Each of Pocahontas's nine thousand residents could have her own nine square miles of land, but all the kids go to a single high school. If the kid is athletically inclined, she can become a Pocahontas County Warrior—unremarkable in football and track and field, but excellent in agriculture and archery. Snowshoe Mountain ski resort is here, on land that was logged throughout the first half of the twentieth century, then left to burn. It's owned by out-of-state prospectors, though exactly who owns it and where they call home will change too often to keep track—a North Carolina dentist, a Tokyo development company.

The world's largest fully steerable radio telescope is here too, a mountain-sized white satellite dish atop a construction crane that is visible from most anywhere in the northern part of the county. In 1958, the federal government established the National Radio Quiet Zone, a thirteen-thousand-square-mile swath of land spanning the West Virginia–Virginia border inside which cell phone signals and Wi-Fi will be severely restricted to minimize interference with the telescope's work of detecting faint interstellar signals, and all of Pocahontas County sits inside it. Take this state of affairs, and layer on top the profit margins of private telecommunications corporations, and the result will be that even in the second decade of the twenty-first century, Pocahontas County will remain a white spot on AT&T's orange map.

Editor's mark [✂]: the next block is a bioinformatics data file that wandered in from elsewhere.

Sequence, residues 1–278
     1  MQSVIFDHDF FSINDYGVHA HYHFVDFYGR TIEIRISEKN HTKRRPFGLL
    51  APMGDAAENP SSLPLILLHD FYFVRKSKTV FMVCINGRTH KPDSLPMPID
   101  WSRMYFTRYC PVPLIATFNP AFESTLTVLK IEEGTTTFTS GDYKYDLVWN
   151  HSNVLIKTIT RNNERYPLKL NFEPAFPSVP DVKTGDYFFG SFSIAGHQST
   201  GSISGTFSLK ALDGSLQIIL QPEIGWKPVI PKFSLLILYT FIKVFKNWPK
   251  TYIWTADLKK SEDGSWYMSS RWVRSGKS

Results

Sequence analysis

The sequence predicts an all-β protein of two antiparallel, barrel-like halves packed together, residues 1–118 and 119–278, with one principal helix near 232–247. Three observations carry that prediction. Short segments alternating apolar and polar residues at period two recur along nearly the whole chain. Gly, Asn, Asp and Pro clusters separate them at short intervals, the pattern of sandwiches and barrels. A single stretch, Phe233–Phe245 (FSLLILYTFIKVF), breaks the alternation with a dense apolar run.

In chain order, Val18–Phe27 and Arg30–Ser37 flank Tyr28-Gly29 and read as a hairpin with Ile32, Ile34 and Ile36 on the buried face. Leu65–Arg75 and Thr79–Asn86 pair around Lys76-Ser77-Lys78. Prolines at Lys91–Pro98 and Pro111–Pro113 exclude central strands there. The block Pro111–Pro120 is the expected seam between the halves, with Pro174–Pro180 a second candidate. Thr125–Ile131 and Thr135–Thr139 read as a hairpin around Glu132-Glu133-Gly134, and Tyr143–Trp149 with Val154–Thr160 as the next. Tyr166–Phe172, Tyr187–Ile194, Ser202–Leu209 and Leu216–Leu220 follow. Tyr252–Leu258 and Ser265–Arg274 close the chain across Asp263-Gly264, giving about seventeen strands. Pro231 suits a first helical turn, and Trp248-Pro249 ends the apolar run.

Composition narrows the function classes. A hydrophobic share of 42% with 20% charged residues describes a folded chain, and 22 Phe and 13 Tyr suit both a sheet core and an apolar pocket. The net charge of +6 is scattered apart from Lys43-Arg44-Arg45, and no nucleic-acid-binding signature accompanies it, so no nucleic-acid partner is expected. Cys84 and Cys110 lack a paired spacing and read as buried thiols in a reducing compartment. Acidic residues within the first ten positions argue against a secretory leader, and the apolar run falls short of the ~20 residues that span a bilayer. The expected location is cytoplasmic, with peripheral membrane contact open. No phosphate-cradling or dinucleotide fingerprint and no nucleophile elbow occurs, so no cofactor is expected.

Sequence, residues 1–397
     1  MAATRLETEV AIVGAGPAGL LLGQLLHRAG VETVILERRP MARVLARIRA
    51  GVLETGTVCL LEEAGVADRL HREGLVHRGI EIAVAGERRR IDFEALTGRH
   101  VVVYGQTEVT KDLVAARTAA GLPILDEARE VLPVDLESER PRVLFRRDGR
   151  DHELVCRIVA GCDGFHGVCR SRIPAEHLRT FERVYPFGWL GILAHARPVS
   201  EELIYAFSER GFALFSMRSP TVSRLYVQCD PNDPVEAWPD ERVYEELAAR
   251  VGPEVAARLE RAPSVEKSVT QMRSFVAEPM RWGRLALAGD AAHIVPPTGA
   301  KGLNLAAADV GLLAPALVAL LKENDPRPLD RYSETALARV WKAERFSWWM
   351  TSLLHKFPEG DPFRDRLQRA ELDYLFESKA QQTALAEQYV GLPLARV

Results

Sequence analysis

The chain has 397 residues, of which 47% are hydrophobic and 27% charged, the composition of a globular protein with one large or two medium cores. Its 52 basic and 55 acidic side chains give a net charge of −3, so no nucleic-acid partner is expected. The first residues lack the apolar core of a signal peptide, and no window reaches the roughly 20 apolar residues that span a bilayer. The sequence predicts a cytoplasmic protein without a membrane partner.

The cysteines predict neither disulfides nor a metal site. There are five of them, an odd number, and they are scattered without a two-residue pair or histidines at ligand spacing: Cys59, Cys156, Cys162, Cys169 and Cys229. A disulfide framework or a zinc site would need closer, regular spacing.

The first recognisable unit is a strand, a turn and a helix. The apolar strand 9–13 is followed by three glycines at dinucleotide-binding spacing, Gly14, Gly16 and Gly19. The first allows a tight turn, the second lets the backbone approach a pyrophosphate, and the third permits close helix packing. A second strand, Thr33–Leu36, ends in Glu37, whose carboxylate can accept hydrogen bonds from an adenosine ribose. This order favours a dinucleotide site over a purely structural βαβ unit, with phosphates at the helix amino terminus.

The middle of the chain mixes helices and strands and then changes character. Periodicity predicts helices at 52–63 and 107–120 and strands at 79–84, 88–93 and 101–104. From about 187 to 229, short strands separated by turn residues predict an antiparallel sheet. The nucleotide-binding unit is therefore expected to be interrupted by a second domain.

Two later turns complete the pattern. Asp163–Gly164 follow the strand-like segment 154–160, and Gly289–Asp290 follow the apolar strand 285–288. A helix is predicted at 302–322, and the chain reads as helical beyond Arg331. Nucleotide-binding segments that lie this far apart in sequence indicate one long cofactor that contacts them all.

This is a place where those who wish to be undisturbed by pings and rings can do so in peace. There is a deep awareness here of what the rest of America thinks a life should look like—the newest model, the fanciest vacation, the highest paying job with the best retirement plan—and, among many, a rejection of that life. Some people grow their own corn and make their own music and choose to give birth at home without beeping machines. Some are not just off the grid but off the record—no company knows their name. The Gesundheit! Institute, Patch Adams's movie-famous hospital for alternative healing, is here; ditto Zendik Farm, an intentional artist community originally formed in 1969 in California.

Some people teach school or fix cars or stack the plates of the tourists who come here to hike and fish and ski. Some people are nurses and doctors and home health aides and lawyers and Tudor's Biscuit World servers and Rite Aid employees. Many people cannot get work in their field of interest because the jobs do not exist here, and some cannot get jobs at all. Some are not able to work and subsist on disability. West Virginia ranks forty-fourth out of all the American states for overall physical health of its population and forty-eighth for quality of care. Despite having the second lowest average annual income in the country, West Virginians pay the eighth highest health insurance premiums under the Affordable Care Act. Though it has the worst mental health of any state according to the CDC, it is ranked forty-eighth for access to mental health services. A therapist or a specialist is often a drive of an hour or more; the state has a single abortion provider in the capital of Charleston, 140 miles from Pocahontas County.